EU plans to lift restrictions on feeding animal by-products to pigs and chickens have been met with dismay and anger by leading retailers and farming bodies.

All the major retailers attacked the plans to relax the ban and said they would refuse to sell meat from animals fed on meat and bone meal, if the ban was lifted as expected next year. It has been in place since the 1996 BSE outbreak.

"We would never sell anything our customers don't want, and it's clear they don't want MBM-fed meat at present," said a Tesco spokeswoman.

Describing the return to using MBM feed as "a backward step", the NFU urged farmers to consider consumer sensibilities before any return to feeding MBM to farm animals.

"We have to provide consumers with food they feel reassured with," said chief livestock adviser Peter King. "If they don't want it, we don't use it."

However, poultry adviser Maria Ball, was confident that many farmers would ignore the lifting of the ban. "Given the response of the retailers, I don't think this a route individual farmers would go down," she said.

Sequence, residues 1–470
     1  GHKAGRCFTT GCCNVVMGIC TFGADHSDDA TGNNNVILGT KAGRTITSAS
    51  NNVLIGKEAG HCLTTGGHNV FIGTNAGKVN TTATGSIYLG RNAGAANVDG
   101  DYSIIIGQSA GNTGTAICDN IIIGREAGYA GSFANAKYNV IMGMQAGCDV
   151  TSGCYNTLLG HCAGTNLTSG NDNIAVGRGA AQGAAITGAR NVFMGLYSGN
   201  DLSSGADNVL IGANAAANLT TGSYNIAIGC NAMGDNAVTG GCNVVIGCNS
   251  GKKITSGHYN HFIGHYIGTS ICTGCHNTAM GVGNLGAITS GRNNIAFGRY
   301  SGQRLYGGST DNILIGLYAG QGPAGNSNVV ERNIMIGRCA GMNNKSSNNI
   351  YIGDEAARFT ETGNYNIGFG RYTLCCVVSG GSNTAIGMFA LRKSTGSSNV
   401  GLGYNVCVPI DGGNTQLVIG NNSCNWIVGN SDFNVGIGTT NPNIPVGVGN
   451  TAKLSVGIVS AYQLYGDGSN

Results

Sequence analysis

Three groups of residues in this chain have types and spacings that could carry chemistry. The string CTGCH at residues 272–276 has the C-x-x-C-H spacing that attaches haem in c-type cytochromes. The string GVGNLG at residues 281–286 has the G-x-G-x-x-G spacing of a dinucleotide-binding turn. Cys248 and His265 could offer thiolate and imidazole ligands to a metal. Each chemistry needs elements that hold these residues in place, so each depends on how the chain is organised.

Once the ban has been lifted, it will be impossible for the UK government to outlaw the use of MBM. But groups of farmers could decide not to use it, as a way of differentiating British meat.

"From the NFU perspective, it is premature to consider opting out of using MBM, but from a marketing perspective, there's great advantage to be had from refusing to use MBM," agreed King.

The farm assurance schemes that underpin much of the British meat industry could impose restrictions on MBM, said MLC consumer affairs director Richard Lowe, but he warned: "They'd need to do plenty of consumer research to make sure a ban was something people wanted."

The European Commission is awaiting a scientific risk assessment before lifting the ban. It stressed the need for full traceability in MBM to prevent animals being fed their own kind.